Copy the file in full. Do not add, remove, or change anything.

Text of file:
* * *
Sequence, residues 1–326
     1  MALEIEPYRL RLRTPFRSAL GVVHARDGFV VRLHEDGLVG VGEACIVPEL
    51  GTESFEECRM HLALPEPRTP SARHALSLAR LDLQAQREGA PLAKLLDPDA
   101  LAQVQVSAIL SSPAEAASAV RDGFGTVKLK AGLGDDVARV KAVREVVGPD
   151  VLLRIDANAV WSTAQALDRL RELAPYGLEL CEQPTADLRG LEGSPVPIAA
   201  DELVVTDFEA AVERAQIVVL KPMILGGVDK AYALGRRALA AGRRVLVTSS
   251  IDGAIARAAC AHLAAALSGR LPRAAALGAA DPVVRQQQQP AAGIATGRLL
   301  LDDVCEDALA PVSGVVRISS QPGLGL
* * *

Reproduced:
Sequence, residues 1–326
     1  MALEIEPYRL RLRTPFRSAL GVVHARDGFV VRLHEDGLVG VGEACIVPEL
    51  GTESFEECRM HLALPEPRTP SARHALSLAR LDLQAQREGA PLAKLLDPDA
   101  LAQVQVSAIL SSPAEAASAV RDGFGTVKLK AGLGDDVARV KAVREVVGPD
   151  VLLRIDANAV WSTAQALDRL RELAPYGLEL CEQPTADLRG LEGSPVPIAA
   201  DELVVTDFEA AVERAQIVVL KPMILGGVDK AYALGRRALA AGRRVLVTSS
   251  IDGAIARAAC AHLAAALSGR LPRAAALGAA DPVVRQQQQP AAGIATGRLL
   301  LDDVCEDALA PVSGVVRISS QPGLGL